Thirteen color choices to match all styles. Lightweight nylon material won't weigh you down. Waterproof lining keeps you insulated with Hydroplus fabric. Velcro adjustable sleeves. Zippered side pockets. Quality construction. Machine washable. Easily fold away and pack.
This jacket does not protect from water very well. A bit warm for some buyers.
Jacket is made of nylon. Includes a hood and rain-protecting features like zip-up closures, drawstrings, and adjustable cuffs and hem. Features large back pocket. Folds up quickly for storage. Affordable for the value.
Doesn't keep out water very well. Some quality concerns.
Jacket is made of polyester and resists water. Available in multiple colors and patterns. Zips closed up to the chin. Includes side pockets and folds into a very small bag you can take with you. Machine washable.
Some concerns that the product isn't high-quality. Challenging to fit jacket in bag.
Jacket is made of nylon. Features Ultra-Loft faux down to keep you warm. Comes with a matching bag for easy storage. Has 3 pockets, including 1 interior pocket. Many style and color options available.
Some quality concerns with material and zipper not working very well.
A fashionable quilted jacket made of nylon that reaches halfway to the knee. Multiple color and style options. Zip closure zips up to chin. Includes hand pockets. Has a matching bag to easily bring with you. Down insulation.
This coat has a tendency to shed and drop some of its feathers.
We recommend these products based on an intensive research process that's designed to cut through the noise and find the top products in this space. Guided by experts, we spend hours looking into the factors that matter, to bring you these selections.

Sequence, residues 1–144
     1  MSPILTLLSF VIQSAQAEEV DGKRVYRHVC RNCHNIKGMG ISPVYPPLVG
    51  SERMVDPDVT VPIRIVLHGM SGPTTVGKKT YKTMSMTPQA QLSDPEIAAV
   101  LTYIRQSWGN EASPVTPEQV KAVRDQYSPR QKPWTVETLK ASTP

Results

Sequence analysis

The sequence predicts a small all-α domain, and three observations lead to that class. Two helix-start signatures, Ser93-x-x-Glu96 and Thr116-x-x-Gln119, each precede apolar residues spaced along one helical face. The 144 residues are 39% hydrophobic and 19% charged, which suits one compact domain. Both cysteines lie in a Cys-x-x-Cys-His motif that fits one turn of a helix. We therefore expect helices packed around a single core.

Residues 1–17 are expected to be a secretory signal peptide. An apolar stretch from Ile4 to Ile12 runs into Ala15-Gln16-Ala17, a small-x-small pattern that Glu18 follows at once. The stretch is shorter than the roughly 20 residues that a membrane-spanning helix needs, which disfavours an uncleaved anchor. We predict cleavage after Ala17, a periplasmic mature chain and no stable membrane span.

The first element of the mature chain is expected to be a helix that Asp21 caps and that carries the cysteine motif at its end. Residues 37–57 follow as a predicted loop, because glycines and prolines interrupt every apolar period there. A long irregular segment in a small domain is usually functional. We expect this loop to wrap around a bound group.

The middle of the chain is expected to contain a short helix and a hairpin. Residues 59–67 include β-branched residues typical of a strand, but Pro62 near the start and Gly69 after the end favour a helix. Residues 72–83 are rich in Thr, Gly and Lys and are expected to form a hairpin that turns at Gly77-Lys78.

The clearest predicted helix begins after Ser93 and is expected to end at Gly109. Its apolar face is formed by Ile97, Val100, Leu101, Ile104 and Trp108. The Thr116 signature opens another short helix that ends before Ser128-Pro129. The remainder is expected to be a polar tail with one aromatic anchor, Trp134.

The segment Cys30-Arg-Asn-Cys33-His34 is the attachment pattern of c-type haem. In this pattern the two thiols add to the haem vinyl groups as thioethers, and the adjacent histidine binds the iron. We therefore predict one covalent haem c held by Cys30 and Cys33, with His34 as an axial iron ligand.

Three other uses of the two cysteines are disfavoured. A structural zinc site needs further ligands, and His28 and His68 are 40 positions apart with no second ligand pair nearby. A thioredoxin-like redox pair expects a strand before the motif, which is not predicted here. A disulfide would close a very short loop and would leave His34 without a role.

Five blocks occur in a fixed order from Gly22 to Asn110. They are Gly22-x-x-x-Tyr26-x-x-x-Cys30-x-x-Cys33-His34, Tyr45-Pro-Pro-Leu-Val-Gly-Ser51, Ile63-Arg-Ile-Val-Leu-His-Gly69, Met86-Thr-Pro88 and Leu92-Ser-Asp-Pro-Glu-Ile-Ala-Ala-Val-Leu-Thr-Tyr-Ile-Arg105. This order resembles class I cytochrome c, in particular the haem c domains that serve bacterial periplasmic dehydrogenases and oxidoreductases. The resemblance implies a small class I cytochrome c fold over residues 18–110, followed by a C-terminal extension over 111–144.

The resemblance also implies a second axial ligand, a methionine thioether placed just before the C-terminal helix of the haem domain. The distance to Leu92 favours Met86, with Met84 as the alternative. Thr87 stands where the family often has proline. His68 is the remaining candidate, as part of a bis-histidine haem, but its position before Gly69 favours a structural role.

Packable jackets are designed with travel in mind, but particular jackets may be suited for different environments and weather conditions. The most common types are down, rain, and travel jackets, each of which varies in materials, style, and price.
Finding the right packable jacket for you means considering where you will wear it and what activities you will use it for. A down jacket is made for cold climates and should provide excellent insulation while still remaining lightweight and easily packable without damaging the down. Rain jackets have an outer shell that repels water. Travel jackets are made for everyday use and offer moderate protection against rain and cold to keep you warm and dry in a variety of environments.
Most packable jackets are inexpensive, but you should still carefully consider your needs before you buy.
If you’ve ever tried to fold up a regular jacket to stuff in your suitcase, you know just how bulky they can be. Packable jackets are designed for travel and can be folded, stuffed, or tucked into a suitcase or a pocket or bag on the jacket itself. Whether you’re packing a backpack or a suitcase, a packable jacket can save you space and enable you to bring more gear and clothes on your journey.
Packable jackets are designed for the rain, cold, or both. The three most common types of packable jackets differ in their materials, insulation, and waterproofing.
Packable rain jackets are typically hardshell jackets, which have a tough waterproof exterior and no insulation. They’re designed to be worn over an insulating layer or even another jacket. There’s no need to worry about waterproofing — all rain jackets are waterproof. Inexpensive, durable polyester is one of the most common materials used in packable rain jackets.
For the coldest conditions, a down packable jacket is an excellent choice. These jackets use synthetic or goose down to create a puffy layer of insulation that traps your body heat. Since packable down jackets must be lightweight and compact, they typically have down with a higher fill power to compensate. Since your down jacket is going to be stuffed or folded into bags again and again, down retention is essential for prolonging the life of the jacket.